Xue Li, Ph.D., is a bioinformatic scientist studying malaria parasites. Using powerful computational approaches and genetic crosses, Dr. Li seeks to identify the genetic basis of biomedically important traits in malaria parasites, including drug resistance, parasite fitness, and nutritional genetics. Dr. Li also focuses on using large scale whole-genome sequencing data to study parasite population genomics, such as spread of drug resistance alleles and patterns of parasite transmission, which are extremely valuable during malaria elimination programs.
Dr. Li earned a Ph.D. in 2016 from Ocean University of China. Her expertise is in statistical, bioinformatic and population genetic data processing and analysis. She joined Texas Biomed in 2017.
Inside the Lab
Malaria infects around 200 million people and kills over 400,000 each year. With the absence of commercially available vaccine, malaria treatment largely depends on clinical antimalarial drugs. However, resistances to almost all antimalarial drugs currently in use, have been reported in the most lethal human malaria parasite, Plasmodium falciparum.
Working with Dr. Tim Anderson, Dr. Li focuses on using genetic crosses to study the basis of important traits for malaria parasite biology and epidemiology, as well as using population genetic tools to understand the dynamics of parasite transmission during malaria elimination.
Malaria parasite genetics
Classical genetic crosses in malaria parasites requires isolation, genotyping and phenotyping of multiple progeny parasites, which is time consuming and laborious. Dr. Li coordinated with wet-lab members to explore a powerful approach that overcomes these problems to identify loci underlying complex traits in the human malaria parasite, Plasmodium falciparum. This approach combines experimental genetic crosses using humanized mice, with selective whole genome amplification and pooled sequencing. Dr. Li has used this method to identify genomic regions that determine parasite fitness across the whole life cycle, genes underlying drug resistance and loci involved with parasite nutritional genetics.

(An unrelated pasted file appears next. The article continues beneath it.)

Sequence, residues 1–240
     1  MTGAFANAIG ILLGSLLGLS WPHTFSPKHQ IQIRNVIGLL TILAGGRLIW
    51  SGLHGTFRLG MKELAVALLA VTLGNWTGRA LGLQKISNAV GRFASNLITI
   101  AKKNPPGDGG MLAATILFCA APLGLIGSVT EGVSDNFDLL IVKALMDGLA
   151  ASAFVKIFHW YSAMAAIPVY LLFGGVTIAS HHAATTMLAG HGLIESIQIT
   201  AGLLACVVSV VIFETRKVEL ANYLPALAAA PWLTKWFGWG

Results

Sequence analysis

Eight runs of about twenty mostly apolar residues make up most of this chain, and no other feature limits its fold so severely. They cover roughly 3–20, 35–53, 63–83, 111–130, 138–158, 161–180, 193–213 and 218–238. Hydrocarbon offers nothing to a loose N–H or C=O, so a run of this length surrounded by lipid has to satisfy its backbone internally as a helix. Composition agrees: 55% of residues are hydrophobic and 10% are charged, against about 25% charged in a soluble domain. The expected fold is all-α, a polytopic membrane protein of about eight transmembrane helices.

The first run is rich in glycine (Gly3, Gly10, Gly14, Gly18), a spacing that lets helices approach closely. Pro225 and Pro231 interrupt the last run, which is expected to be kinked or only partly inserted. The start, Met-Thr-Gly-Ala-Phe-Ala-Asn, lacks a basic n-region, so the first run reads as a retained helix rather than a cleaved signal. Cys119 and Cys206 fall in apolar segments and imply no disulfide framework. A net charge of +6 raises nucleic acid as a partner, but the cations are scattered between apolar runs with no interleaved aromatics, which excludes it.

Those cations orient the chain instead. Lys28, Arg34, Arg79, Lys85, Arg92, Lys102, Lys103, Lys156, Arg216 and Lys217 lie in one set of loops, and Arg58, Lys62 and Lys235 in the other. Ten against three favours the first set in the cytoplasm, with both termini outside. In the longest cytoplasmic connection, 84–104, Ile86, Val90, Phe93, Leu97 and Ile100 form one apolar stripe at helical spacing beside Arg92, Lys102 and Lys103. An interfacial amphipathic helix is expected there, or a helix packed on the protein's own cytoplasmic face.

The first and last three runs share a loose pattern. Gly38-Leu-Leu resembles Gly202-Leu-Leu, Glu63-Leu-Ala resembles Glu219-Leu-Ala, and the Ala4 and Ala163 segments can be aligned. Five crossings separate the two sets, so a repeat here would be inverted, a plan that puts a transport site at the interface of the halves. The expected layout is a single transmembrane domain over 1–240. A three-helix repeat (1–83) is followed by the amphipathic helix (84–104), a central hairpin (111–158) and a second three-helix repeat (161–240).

Dynamics of parasite transmission during malaria elimination
Genomic surveillance of malaria parasites, which can be used to monitor the spread of drug resistant alleles and to examine patterns of parasite transmission, is extremely valuable during malaria elimination programs. Dr. Li established a systematic approach for surveillance of parasite population genomics in a region of intense parasite control. The P. falciparum genome is highly repetitive and the most AT-rich genome sequenced to date, complicating genomic analysis. To access genetic variations for this population genetic analysis, Dr. Li has also developed methods for accurate genotyping P. falciparum genome from next generation sequencing data, as well as from long-read third generation sequencing data.
Artemisinin resistance in malaria parasites
Artemisinin is currently the global front-line treatment for malaria infections. Resistance has rapidly spread through South-East Asia and has reached Africa. Fitness costs are key determinants of whether drug resistance alleles establish and how fast they spread within populations. Dr. Li developed an amplicon sequencing analysis pipeline to examine the fitness consequences of different kelch13 alleles. Her study concludes that fitness costs alone are not able to explain the population dynamics of artemisinin resistance alleles spread in South-East Asia. Compensatory mutations that restore parasite fitness in nature may be involved.
Main Technologies and Methods Used
- Next-generation sequencing
- Long-read Nanopore sequencing
- Amplicon sequencing
- Population genomics
- Linkage mapping with genetic crosses
- Genome-wide association studies
- CRISPR/Cas9 gene editing
- Whole genome amplification
- Transcriptome analysis